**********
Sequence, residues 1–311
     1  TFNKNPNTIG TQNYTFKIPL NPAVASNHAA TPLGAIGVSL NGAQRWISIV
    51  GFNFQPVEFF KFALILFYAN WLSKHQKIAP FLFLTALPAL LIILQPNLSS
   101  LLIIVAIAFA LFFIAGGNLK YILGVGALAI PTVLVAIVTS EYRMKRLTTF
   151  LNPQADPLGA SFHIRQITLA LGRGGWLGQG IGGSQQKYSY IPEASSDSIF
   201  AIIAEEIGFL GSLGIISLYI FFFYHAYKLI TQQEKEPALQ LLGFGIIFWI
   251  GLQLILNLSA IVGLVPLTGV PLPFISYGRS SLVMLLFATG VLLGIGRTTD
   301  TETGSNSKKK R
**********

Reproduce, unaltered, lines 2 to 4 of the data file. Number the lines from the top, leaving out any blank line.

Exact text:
     1  TFNKNPNTIG TQNYTFKIPL NPAVASNHAA TPLGAIGVSL NGAQRWISIV
    51  GFNFQPVEFF KFALILFYAN WLSKHQKIAP FLFLTALPAL LIILQPNLSS
   101  LLIIVAIAFA LFFIAGGNLK YILGVGALAI PTVLVAIVTS EYRMKRLTTF